People are warned to be on the look-out for a “Dracula spider” as woman claims to be bitten on the forehead by one.
A retired 61-year-old woman from Bristol says she has been bitten on the forehead by a Dracula spider otherwise known as Segestria Florentine just over two weeks ago.
The lady informed the Bristol Post: “I moved into a new flat on June 21. It’s in a block of flats with seven floors, and three of those floors have nests in the external brickwork.
“I have never seen so many nests. There must have been 200.
“They leave a nasty bite. It swells, goes very red and very hard. When I was bitten years ago, the mark resembled big zits.
“It was very itchy and sore, and it went after about a week.
“I have been unfortunate because I was bitten again about two weeks ago, this time on my forehead. The red bumps went after a few days.”
The woman later added that she discovered some of the spider’s webs on her doorstep.
“I’m looking into pest control options,” she insisted.
Typically found in Mediterranean countries, the spiders are infamously known for their terrifying green fangs and cylindrical tube of cobwebs.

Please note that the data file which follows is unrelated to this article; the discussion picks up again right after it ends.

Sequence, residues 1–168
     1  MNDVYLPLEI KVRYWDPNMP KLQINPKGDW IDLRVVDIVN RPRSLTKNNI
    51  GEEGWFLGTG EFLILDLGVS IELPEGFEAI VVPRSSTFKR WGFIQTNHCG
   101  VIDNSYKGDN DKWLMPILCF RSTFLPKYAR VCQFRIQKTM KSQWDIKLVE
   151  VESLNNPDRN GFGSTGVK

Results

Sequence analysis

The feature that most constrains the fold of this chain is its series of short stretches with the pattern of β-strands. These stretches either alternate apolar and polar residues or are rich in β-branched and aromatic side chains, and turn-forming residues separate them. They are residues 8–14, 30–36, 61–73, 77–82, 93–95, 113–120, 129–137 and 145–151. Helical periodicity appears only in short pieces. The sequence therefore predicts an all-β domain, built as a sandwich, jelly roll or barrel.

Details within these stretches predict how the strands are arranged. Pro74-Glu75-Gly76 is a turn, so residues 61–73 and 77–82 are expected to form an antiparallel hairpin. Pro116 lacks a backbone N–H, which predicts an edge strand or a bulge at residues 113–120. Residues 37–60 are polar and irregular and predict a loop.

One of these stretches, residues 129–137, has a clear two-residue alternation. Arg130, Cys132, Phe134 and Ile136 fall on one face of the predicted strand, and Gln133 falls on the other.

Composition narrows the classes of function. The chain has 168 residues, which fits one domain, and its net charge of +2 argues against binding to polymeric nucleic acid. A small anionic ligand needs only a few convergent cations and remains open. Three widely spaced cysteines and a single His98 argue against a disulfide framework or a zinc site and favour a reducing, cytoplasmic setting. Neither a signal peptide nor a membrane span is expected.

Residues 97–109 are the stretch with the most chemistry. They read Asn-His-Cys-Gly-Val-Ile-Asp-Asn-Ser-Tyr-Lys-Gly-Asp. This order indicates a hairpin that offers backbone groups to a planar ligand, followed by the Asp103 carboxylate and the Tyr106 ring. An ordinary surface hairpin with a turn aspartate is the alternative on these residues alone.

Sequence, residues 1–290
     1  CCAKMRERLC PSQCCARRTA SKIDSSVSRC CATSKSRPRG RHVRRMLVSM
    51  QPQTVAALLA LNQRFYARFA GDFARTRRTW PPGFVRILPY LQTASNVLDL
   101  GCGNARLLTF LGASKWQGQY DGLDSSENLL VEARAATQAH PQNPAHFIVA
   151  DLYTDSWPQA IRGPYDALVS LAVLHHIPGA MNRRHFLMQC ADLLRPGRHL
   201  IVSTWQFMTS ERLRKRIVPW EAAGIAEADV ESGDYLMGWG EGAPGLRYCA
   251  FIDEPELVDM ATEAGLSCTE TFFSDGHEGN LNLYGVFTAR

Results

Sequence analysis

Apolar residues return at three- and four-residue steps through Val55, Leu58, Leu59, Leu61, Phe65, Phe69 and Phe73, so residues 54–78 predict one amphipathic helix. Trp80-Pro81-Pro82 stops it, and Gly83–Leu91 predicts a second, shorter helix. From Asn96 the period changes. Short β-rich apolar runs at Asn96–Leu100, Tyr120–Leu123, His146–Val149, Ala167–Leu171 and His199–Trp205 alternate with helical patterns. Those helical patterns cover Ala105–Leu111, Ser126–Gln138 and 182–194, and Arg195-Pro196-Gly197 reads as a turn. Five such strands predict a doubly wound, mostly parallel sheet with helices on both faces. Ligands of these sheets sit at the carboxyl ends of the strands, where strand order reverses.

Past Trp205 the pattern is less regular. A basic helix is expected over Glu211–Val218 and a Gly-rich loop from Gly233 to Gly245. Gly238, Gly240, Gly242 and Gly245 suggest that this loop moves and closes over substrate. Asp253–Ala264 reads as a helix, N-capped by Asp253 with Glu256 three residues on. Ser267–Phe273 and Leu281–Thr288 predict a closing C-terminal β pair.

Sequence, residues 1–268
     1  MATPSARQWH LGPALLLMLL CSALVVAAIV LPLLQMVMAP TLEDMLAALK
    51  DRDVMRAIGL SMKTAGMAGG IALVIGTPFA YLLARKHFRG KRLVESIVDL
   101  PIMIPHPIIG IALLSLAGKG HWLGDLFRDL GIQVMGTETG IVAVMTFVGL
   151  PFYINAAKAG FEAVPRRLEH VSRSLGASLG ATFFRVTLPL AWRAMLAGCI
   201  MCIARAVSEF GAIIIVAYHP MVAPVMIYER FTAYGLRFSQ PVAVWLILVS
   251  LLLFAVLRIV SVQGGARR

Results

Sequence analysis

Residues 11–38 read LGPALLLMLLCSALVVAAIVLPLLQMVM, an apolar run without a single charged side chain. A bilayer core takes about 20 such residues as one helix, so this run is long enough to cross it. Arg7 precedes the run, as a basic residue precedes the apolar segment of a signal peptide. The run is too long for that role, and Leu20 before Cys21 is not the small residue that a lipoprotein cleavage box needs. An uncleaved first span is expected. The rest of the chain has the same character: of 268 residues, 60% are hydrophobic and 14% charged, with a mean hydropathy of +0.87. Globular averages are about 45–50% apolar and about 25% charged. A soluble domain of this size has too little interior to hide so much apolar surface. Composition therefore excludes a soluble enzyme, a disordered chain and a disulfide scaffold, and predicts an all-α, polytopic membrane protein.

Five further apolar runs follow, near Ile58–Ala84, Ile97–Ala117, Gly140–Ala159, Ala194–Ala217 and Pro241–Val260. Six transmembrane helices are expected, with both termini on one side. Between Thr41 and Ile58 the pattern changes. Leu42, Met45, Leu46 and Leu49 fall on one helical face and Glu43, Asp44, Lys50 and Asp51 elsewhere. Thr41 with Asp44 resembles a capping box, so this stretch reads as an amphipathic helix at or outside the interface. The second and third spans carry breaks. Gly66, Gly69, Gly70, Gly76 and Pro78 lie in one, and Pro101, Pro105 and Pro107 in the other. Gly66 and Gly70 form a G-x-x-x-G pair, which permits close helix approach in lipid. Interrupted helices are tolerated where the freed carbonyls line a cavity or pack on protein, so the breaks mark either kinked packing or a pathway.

The spider is known to bite but its venom has no lasting effects.
However, they are often found in isolated, coastal British towns. It is thought that the eight-legged creatures hopped a ride onto a ship in the late 17th century.
Ships from this period would often have bags around the outside to minimise impact when arriving into port. It is believed that the spider hitched a ride onto one of these.
The spiders are known to usually keep to themselves and stayed tucked up warm in their webs, only announcing their presence when potential prey comes along.
If you do have the unfortunate pleasure of seeing one, you should be able to identify the species by their unusual colouring, which reflects iridescent green in sunlight.
So, to protect yourself from the “Dracula spider”, maybe get some cloves of garlic and stay out in the sun!